Recently, I found myself pondering the intricacies of online authenticity again. I shut my eyes, letting my head rest against the armrest of my couch. I started to think about some of the tiny things at the time that made me happy– from Kindle books to making my great-grandmother’s noodle recipe.
I was jarred out of my reverie by a Twitter notification on my iPhone. It was a tweet from a fellow higher education professional. I replied to it, then tried to shake the realization I had— that as much as I advocate for authenticity online, it may be a trickier endeavor than expected. That as much as I wanted to share my honest, unfettered thoughts about life, I normally don’t. All at once, it occurred to me that our community’s conundrum with authenticity isn’t specifically about authenticity— it’s about the separation of our public and private selves.
Aristotle wrote about specific, separate communities of discourse. He wrote at length about the polis, or social space in which issues could be debated to advance culture. He considered the polis to be the highest form of community, because man is inherently a “political animal”. Aristotle believed that humans cannot strive for its ultimate good and goals outside of the polis. Furthermore, Aristotle’s polis allows for society to reach its end, or for what is best.
As important as the polis was to Aristotle, he also extolled the virtues of private life. Humans enter into communities centered around the home and the village to meet their daily needs. Specifically, Aristotle contended that there was a separation between the public and the private; that though they were distinct, to reach self-sufficiency, one must progress from the clan to the polis.
As a community, we’re attempting to bring our private selves into our polis. We do this, because as Aristotle understood, the best way to advance our field is to publicly debate and consider issues. We do this with the best of intentions— such as the #SACommits series and the social justice topics of current. Our goal is to bring more professionals and graduate students into the fold, to give them a place to connect and sort through ideas.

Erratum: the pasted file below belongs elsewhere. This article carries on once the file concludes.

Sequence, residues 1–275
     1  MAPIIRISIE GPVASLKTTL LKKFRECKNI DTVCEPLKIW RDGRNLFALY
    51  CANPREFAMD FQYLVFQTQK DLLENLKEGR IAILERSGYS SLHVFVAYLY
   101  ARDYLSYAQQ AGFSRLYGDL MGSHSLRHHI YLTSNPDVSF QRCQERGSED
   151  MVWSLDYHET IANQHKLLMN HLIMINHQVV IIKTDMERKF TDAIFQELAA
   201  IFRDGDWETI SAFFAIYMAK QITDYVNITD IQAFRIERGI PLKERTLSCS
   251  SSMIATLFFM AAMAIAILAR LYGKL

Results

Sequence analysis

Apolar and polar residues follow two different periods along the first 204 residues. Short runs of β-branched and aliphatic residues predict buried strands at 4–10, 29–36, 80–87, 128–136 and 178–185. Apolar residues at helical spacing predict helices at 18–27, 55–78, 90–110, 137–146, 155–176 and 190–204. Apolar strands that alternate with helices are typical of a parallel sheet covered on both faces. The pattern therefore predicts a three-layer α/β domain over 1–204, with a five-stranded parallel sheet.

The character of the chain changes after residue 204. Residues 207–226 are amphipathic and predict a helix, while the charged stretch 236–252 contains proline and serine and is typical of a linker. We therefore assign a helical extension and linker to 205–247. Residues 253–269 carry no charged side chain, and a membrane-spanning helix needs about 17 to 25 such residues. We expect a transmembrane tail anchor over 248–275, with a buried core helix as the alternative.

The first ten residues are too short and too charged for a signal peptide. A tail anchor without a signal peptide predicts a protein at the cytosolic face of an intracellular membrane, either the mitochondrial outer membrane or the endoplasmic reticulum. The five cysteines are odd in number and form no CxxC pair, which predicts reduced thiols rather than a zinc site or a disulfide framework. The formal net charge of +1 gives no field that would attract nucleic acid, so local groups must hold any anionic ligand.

Yet, we still curate our online selves to convey authenticity to the best of our ability. The verb curate is key— we’re still selecting which parts of ourselves we bring into the student affairs “public.” At times, it seems as though our polis has selected which traits are best to bring with us; the right words, the popular topics; we seamlessly censor ourselves and others. In other instances, we’re asked to present the most private parts of our identities in the public forum.
This dichotomy brings us to this: Can we merge our public and private selves? Aristotle recognized that there are very specific lines between our public and private selves. If this is the case, maybe “authenticity” isn’t what we’re looking for. If that’s the case, what traits are we searching for in our online selves?
Personally, I’ve concluded to let what is Caesar’s be Caesar’s; that I’ll continue participating in higher education discussions on social media, accepting that it’s a public forum used to debate issues. Don’t get me wrong– I’ll touch on Polish noodle recipes and the ilk, but I understand that my participation in these communities is related to my occupation and sharing knowledge.
While we can decide where the line between the public and personal lands for ourselves, we cannot make that determination for others; the point of having a public forum, is that all ideas, whether or not we believe that they’re worthwhile, merit open discussion.
Essentially, we must remember that we’re political animals. We use a public space to pull apart, examine, and consider larger issues. The private spaces are where we sharpen our character and identities to be well-rounded people. Sometimes these spheres intersect, and other times remain separate. With that, we need to determine where these intersections are.